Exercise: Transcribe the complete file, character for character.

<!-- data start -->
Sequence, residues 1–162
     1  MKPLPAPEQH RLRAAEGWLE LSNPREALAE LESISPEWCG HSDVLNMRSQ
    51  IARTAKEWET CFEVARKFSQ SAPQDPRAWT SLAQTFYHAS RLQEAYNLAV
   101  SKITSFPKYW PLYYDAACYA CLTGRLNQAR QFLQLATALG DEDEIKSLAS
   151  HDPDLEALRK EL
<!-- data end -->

Sequence, residues 1–162
     1  MKPLPAPEQH RLRAAEGWLE LSNPREALAE LESISPEWCG HSDVLNMRSQ
    51  IARTAKEWET CFEVARKFSQ SAPQDPRAWT SLAQTFYHAS RLQEAYNLAV
   101  SKITSFPKYW PLYYDAACYA CLTGRLNQAR QFLQLATALG DEDEIKSLAS
   151  HDPDLEALRK EL